OSHA requirements are set by statute, standards and regulations. Our interpretation letters explain these requirements and how they apply to particular circumstances, but they cannot create additional employer obligations. This letter constitutes OSHA's interpretation of the requirements discussed. Note that our enforcement guidance may be affected by changes to OSHA rules. Also, from time to time we update our guidance in response to new information. To keep apprised of such developments, you can consult OSHA's website at https://www.osha.gov.


June 4, 1992

Mr. Joseph G. Gerard
Vice President of Government Affairs
American Furniture Manufacturers Association
Suite 402
918 16th Street, N.W.
Washington, D.C. 20006

Dear Mr. Gerard:

Thank you for your letter of May 22, addressed to Ms. Dorothy L. Strunk, Acting Assistant Secretary of the Occupational Safety and Health Administration (OSHA), concerning the OSHA standard for Process Safety Management of Highly Hazardous Chemicals (29 CFR 1910.119). Your letter has been referred to the Directorate of Safety Standards Programs for response.

You requested a clarification of the application of the standard with respect to the storage of flammable liquids. The standard applies to a process (including storage) which involves a flammable liquid in quantities of 10,000 pounds or more. As you correctly noted, however, there is an exception. The standard does not apply to flammable liquids stored in atmospheric tanks or transferred which are kept below their normal boiling point without benefit of chilling or refrigeration (1910.119(a)(1)(ii)(B)).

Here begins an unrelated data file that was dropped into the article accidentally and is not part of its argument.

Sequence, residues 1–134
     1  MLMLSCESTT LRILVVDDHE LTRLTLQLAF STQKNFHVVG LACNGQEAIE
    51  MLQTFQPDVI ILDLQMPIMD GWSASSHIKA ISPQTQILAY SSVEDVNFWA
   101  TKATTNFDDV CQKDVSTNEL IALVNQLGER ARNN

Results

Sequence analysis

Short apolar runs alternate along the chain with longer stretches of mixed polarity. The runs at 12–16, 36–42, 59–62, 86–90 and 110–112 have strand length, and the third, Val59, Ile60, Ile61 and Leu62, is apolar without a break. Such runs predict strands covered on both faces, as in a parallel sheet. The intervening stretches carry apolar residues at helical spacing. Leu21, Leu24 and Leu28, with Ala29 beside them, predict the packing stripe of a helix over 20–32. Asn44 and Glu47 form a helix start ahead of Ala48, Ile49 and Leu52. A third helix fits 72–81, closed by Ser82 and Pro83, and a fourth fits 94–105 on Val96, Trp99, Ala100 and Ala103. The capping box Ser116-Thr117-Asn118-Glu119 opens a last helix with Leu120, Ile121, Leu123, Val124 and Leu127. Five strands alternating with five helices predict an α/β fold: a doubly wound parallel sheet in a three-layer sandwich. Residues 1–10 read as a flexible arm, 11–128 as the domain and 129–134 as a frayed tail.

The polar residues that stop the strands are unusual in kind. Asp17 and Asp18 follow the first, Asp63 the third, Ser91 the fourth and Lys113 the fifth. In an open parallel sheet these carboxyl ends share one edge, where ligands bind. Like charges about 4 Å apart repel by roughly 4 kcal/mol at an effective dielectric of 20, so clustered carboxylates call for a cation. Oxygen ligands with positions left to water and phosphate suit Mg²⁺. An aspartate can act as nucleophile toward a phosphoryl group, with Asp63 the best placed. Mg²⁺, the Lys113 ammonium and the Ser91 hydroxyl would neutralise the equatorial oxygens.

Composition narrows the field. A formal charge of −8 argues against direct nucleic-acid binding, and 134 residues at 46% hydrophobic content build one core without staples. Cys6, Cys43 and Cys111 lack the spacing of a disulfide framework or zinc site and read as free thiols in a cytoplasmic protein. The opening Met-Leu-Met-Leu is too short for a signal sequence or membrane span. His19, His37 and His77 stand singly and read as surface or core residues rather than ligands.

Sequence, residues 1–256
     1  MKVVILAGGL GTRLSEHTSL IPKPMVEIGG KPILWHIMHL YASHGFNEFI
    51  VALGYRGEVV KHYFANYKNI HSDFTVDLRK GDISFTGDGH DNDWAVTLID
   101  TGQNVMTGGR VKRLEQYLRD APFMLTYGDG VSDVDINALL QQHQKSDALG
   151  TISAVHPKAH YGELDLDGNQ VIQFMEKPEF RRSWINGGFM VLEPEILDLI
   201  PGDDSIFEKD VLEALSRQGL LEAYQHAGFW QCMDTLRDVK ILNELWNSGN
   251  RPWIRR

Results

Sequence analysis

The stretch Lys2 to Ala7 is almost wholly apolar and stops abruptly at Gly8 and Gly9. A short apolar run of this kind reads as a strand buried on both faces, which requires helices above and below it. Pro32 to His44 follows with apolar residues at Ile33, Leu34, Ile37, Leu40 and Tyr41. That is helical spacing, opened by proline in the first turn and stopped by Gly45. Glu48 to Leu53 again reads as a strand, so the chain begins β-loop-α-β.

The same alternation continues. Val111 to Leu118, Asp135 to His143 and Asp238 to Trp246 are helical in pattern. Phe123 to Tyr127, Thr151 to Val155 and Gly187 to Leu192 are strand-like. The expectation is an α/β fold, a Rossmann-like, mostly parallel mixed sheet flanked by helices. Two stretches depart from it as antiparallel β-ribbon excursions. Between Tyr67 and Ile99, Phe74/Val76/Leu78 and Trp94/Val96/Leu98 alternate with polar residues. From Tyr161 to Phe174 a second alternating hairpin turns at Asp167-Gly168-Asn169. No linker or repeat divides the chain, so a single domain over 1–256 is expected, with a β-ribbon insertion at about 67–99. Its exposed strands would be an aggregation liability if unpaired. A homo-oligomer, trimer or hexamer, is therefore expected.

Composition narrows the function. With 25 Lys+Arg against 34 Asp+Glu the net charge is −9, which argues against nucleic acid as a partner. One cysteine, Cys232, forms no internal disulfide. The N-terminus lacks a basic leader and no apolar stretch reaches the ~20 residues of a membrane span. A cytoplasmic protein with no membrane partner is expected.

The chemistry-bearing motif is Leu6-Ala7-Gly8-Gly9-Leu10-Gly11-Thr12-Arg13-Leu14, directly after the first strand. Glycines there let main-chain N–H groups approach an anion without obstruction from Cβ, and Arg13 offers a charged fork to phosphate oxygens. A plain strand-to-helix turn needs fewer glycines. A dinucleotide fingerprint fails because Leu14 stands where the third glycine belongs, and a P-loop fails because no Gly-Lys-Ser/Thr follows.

Containers such as 55-gallon drums are considered to be atmospheric tanks. Therefore, storage of flammable liquids in such containers, even if the quantity exceeds 10,000 pounds, would not be covered by the standard. However, such storage would have to meet the requirements contained in the OSHA standard for flammable and combustible liquids (1910.106).

I hope this information will be of assistance to you.


Roger A.Clark Director,
Directorate of Safety Standards Program

[Corrected 6/21/2007]